In a new study it is found infants are less to catch whooping cough from moms than from siblings. Researchers have also found a way how to protect this.
Prior to the finding it was always assumed moms were the common source of infection for infants.
Infants face greatest risk from whooping cough and sometimes it lead to death too, especially before two months. Experts have come up with two strategies to protect from it.
Researchers suggest vaccination to parents, siblings and other close contacts, and also vaccination to pregnant women.
Vaccination to parents, siblings and others may not be too effective and so boosting low vaccination during pregnancy should be given more priority.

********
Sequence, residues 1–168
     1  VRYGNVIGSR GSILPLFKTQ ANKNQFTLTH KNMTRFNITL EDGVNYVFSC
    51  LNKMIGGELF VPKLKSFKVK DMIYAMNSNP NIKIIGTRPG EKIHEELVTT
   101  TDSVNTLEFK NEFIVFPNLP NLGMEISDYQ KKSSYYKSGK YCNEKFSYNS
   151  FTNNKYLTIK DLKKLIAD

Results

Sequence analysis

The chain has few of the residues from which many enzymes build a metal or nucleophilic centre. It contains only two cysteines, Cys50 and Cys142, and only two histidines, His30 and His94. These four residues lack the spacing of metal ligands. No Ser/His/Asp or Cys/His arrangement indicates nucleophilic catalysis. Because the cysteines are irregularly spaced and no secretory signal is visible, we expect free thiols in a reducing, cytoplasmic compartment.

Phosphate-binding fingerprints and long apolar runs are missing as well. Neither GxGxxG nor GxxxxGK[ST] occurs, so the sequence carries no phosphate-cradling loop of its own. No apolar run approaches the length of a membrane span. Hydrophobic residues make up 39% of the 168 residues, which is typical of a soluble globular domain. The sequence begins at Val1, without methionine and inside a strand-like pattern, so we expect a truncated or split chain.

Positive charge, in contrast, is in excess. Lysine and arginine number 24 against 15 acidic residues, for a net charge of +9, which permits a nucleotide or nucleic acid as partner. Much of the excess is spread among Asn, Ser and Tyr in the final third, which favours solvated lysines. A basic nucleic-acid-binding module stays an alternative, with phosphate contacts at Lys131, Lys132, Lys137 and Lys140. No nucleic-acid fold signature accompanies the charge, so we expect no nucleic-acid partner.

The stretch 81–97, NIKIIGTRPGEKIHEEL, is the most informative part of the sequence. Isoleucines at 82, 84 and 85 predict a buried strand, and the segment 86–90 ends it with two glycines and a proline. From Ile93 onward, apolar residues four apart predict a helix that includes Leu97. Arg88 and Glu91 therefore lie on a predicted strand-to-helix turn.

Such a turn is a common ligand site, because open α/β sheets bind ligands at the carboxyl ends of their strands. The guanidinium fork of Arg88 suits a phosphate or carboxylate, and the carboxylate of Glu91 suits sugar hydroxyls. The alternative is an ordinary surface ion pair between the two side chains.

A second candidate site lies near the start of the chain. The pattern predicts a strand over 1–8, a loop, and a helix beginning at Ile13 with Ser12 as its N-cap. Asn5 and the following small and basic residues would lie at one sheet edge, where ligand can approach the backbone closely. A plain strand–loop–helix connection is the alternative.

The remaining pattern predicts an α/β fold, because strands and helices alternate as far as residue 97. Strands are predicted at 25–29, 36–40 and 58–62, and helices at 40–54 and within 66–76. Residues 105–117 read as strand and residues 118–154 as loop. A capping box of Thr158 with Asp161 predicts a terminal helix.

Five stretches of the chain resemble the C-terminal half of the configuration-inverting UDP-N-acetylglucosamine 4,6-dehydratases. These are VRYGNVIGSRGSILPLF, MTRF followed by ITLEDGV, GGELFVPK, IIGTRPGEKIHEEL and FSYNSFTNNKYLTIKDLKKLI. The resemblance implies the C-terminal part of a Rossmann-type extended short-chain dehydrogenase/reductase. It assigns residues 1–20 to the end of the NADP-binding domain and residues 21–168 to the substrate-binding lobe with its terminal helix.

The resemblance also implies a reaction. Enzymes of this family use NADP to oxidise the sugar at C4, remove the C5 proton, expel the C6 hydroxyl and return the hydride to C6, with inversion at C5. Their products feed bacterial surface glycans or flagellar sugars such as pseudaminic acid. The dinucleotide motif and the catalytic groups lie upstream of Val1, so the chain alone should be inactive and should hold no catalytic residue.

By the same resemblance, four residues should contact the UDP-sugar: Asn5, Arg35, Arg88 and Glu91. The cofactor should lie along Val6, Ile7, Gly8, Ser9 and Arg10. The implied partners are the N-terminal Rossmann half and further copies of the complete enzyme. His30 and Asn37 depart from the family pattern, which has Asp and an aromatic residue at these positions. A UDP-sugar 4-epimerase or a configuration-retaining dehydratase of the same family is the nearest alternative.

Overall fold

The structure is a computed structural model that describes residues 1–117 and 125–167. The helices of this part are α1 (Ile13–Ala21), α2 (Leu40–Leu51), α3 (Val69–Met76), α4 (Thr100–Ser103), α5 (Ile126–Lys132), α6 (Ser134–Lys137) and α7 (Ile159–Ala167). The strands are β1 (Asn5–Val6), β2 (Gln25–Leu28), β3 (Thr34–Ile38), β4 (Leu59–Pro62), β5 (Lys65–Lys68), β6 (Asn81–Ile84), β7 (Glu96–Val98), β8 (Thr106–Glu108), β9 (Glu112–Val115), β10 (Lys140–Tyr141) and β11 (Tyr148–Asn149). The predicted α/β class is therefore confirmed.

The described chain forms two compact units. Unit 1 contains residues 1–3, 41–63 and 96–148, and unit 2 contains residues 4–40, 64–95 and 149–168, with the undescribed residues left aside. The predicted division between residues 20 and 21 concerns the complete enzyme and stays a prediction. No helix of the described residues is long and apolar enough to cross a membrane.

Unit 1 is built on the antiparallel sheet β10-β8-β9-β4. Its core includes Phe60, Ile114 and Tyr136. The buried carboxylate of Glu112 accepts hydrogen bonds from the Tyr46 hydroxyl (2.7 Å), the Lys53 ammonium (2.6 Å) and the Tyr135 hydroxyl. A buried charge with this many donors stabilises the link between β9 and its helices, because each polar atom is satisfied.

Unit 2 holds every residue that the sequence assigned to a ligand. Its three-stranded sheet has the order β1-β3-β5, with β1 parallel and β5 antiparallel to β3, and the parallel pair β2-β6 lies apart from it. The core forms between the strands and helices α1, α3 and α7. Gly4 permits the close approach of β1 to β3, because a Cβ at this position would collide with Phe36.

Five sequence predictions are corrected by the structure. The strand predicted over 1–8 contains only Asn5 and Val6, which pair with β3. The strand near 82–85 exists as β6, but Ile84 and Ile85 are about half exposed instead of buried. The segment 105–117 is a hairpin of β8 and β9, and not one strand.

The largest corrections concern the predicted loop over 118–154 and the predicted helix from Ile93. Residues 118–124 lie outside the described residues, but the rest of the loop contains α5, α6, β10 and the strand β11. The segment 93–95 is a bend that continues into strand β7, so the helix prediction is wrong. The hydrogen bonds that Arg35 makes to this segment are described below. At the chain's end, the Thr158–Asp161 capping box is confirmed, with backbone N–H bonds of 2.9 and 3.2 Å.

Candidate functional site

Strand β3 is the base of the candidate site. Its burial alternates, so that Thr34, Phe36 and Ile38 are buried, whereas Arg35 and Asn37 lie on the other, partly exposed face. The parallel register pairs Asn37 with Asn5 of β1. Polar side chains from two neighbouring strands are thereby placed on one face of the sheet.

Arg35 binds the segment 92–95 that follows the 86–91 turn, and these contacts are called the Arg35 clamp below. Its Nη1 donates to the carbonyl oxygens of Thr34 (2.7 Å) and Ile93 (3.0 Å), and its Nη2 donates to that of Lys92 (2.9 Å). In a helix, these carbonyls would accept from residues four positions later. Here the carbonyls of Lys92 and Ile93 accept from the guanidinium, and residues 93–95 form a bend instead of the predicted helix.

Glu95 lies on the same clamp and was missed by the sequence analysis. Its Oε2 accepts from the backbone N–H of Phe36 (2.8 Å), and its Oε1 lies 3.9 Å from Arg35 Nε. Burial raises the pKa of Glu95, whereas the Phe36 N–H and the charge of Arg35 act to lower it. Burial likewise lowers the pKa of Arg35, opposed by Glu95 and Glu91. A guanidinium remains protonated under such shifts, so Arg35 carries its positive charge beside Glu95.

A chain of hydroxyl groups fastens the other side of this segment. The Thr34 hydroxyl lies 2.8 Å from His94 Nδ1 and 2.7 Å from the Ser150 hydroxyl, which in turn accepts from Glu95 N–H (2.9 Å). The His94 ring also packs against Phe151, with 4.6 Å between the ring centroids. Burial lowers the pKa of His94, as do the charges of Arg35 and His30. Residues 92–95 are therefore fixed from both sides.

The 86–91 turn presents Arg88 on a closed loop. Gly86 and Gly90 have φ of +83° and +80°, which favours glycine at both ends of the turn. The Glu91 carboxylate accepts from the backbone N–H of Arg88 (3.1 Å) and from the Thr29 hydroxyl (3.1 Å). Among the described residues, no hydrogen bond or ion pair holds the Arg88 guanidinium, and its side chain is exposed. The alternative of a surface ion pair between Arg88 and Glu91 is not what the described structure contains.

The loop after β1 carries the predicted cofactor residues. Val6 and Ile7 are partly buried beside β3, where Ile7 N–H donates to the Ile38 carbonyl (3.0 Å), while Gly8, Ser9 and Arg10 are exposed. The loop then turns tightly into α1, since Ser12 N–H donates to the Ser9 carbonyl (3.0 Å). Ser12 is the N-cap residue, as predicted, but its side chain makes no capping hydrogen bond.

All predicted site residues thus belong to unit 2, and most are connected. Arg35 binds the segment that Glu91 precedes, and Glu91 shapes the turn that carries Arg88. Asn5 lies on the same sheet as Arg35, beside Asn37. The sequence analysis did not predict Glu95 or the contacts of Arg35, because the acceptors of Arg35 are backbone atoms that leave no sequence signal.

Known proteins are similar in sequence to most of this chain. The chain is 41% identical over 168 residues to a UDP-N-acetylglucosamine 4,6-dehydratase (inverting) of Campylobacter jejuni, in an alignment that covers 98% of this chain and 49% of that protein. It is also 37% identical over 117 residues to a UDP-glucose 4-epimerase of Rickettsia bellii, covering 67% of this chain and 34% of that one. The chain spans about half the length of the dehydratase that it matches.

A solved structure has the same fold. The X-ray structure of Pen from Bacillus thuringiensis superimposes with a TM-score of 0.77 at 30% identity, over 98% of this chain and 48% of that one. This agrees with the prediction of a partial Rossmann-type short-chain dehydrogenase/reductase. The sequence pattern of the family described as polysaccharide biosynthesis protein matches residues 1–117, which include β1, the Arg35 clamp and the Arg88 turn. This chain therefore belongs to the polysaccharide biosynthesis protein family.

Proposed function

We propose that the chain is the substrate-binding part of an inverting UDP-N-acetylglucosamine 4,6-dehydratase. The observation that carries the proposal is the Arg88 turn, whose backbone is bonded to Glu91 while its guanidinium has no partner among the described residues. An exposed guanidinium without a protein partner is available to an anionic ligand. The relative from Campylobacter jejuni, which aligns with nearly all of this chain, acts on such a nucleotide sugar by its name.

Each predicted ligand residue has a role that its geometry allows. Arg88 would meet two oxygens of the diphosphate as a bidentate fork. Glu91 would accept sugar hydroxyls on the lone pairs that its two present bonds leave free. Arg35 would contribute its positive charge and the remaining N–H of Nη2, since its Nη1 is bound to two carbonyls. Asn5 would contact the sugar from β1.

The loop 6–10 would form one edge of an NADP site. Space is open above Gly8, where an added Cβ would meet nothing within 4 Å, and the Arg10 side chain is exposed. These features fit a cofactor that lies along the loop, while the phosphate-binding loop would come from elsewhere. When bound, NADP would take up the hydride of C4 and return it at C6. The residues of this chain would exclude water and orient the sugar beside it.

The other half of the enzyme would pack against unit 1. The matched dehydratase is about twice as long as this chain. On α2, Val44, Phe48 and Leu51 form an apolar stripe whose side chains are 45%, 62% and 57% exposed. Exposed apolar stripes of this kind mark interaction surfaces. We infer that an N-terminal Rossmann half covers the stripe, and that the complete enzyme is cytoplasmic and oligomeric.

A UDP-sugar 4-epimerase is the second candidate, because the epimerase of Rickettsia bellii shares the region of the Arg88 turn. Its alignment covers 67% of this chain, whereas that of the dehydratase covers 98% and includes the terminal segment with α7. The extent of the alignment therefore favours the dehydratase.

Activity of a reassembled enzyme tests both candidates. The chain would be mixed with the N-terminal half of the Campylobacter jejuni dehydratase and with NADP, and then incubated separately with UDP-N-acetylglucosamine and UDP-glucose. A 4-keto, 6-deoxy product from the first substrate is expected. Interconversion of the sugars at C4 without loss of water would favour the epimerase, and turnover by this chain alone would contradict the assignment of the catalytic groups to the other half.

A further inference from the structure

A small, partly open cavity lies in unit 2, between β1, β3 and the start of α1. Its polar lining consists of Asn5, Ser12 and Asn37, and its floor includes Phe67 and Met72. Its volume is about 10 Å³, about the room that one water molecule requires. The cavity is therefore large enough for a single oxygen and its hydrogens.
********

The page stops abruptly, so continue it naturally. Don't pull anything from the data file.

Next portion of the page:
Researchers examined data of more than one thousand infants from 7 states. All were diagnosed of whooping cough between 2006 and 2013. It was found siblings were responsible for about one-third of the cases and in one-fifth of the cases mom were responsible.
Whooping is called pertussis too and details of the finding are published in the Pediatrics journal.
Whooping is contagious and starts with cold-like symptoms and then moves on to severe coughing fits.
Even though all the children develop it, but doses are much recommended. By 6 years of age five vaccines are suggested. Booster shots are required at age 11 or 12. These shots offer good protection, but the effectiveness is only for few years. This is the reason children need to be vaccinated for several times at prescribed gap of certain years.